Tissahamy vehemently refused to obey the order to leave his traditional habitat to make way for the Mahaweli Project, although a majority of his tribesmen opted to move out to their new settlement area in Hennanigala South, which had been exclusively reserved for them. He had several clashes with the officials of the Wild Life Department and those of the Mahaweli Development Authority. A few years later, some of the Veddah families who had migrated to their new settlement in Mahaweli System C began to return to Bintenne.

A report in the Daily News of 16 March 2006 said that the Veddah community in Monaragala in Uva province has become the latest target for religious conversion at the hands of Christian fundamentalists. Conversion is a very contentious topic in Sri Lanka. Monaragala is the poorest district in Sri Lanka and the Veddahs are the poorest people in that poor district. Twelve out of 60 families in the village of Ratugala have already surrendered themselves to funds offered by them and accepted their Agam pojja (religious faith) in return.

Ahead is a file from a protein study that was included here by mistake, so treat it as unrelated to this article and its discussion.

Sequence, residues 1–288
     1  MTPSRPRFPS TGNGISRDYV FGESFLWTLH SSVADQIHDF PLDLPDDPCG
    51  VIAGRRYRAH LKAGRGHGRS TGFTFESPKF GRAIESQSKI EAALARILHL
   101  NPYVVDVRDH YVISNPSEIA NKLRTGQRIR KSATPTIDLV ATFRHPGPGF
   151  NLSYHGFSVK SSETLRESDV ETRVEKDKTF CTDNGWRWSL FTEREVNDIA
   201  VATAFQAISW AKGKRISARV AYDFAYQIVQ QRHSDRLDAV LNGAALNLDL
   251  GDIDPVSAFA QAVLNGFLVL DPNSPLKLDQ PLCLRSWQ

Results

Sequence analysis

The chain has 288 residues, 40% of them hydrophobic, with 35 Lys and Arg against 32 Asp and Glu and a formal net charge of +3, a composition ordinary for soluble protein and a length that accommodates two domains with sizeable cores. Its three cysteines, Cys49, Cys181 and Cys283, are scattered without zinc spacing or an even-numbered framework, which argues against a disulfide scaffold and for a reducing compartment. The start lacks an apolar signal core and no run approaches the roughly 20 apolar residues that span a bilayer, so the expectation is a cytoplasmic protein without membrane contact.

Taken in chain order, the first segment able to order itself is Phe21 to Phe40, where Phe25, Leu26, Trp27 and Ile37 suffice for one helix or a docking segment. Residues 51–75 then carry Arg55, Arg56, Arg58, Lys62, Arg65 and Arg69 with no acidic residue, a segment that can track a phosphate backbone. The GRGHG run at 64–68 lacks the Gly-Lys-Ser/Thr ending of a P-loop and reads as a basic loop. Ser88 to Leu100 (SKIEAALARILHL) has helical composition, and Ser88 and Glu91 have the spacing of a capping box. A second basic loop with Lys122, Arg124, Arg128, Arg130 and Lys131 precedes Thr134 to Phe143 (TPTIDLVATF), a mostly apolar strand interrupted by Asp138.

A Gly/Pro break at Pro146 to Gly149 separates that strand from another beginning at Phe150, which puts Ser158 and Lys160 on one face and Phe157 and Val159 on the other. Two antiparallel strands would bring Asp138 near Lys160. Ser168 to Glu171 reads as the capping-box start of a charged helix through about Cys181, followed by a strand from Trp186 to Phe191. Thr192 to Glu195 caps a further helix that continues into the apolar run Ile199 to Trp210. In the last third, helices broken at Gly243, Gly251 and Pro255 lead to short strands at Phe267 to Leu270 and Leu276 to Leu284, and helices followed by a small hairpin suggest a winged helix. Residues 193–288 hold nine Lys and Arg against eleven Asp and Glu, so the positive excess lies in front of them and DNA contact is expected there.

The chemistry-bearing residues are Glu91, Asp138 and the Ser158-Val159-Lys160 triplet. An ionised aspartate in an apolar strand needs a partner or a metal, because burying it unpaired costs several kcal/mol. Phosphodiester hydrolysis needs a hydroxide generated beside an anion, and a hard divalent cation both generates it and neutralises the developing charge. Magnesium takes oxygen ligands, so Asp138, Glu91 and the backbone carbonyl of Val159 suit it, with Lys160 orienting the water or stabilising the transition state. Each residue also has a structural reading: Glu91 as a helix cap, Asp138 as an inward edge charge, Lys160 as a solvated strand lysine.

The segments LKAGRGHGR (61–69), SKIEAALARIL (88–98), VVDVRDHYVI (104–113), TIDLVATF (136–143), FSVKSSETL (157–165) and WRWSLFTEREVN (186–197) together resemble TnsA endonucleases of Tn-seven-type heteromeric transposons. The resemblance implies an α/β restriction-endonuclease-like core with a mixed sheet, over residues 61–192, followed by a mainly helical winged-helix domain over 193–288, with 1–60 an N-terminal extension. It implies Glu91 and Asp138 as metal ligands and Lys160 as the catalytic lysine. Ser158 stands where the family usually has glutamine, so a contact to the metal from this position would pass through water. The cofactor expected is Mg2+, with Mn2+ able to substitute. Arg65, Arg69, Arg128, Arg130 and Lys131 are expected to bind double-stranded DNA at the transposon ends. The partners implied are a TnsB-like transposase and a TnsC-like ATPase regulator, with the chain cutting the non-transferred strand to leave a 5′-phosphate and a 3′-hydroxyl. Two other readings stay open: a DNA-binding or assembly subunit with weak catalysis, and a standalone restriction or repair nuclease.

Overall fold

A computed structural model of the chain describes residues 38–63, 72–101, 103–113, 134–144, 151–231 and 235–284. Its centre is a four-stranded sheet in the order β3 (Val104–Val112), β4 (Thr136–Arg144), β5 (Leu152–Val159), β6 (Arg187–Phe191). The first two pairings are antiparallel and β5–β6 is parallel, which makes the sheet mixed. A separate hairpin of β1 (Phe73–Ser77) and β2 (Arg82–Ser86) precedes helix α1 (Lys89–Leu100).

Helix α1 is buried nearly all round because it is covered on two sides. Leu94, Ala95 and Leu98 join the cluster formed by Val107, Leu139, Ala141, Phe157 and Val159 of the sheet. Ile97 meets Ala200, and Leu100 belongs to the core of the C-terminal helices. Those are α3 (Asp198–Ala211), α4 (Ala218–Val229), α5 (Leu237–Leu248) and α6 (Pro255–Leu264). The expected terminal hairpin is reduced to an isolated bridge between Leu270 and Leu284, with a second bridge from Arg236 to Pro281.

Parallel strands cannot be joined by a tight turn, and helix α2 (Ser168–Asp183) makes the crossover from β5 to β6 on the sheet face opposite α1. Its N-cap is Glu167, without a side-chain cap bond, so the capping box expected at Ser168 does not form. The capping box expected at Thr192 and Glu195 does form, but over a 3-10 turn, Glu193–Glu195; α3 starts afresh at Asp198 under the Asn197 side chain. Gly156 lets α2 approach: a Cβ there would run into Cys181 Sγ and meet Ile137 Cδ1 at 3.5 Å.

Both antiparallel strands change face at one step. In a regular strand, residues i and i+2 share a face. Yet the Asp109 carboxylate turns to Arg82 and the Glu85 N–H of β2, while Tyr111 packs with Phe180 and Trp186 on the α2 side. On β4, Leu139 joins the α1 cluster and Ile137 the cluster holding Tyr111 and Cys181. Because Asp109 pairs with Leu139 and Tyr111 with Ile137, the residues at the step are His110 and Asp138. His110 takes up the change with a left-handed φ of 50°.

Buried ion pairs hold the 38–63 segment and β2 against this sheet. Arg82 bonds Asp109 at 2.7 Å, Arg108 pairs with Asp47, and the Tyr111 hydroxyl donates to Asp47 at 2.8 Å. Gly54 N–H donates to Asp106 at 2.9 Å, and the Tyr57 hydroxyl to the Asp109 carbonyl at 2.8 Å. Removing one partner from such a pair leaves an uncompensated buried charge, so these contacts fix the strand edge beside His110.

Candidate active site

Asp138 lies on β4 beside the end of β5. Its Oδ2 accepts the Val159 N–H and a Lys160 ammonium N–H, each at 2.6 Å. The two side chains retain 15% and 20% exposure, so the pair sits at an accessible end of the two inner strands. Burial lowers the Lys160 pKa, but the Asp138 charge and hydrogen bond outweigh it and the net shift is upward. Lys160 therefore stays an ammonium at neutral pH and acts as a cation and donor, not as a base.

Veddahs have mostly adopted the lifestyle of the dominant culture but this is not through choice. Most no longer live by hunting, but instead cultivate a small plot of jungle land using the chena method (slash-and-burn, swidden-fallow cultivation). Most Veddahs now wear sarongs rather the traditional loincloth.  Most have abandoned the long, unkempt hair that was for centuries an identifying characteristic. Some will revert to the loincloth; carry a bow and arrow and put a short axe over their shoulders to provide photo opportunities for visitors.

Uruvarige Vanniyaleththo is on Facebook.

Giving the Tourist What He Wants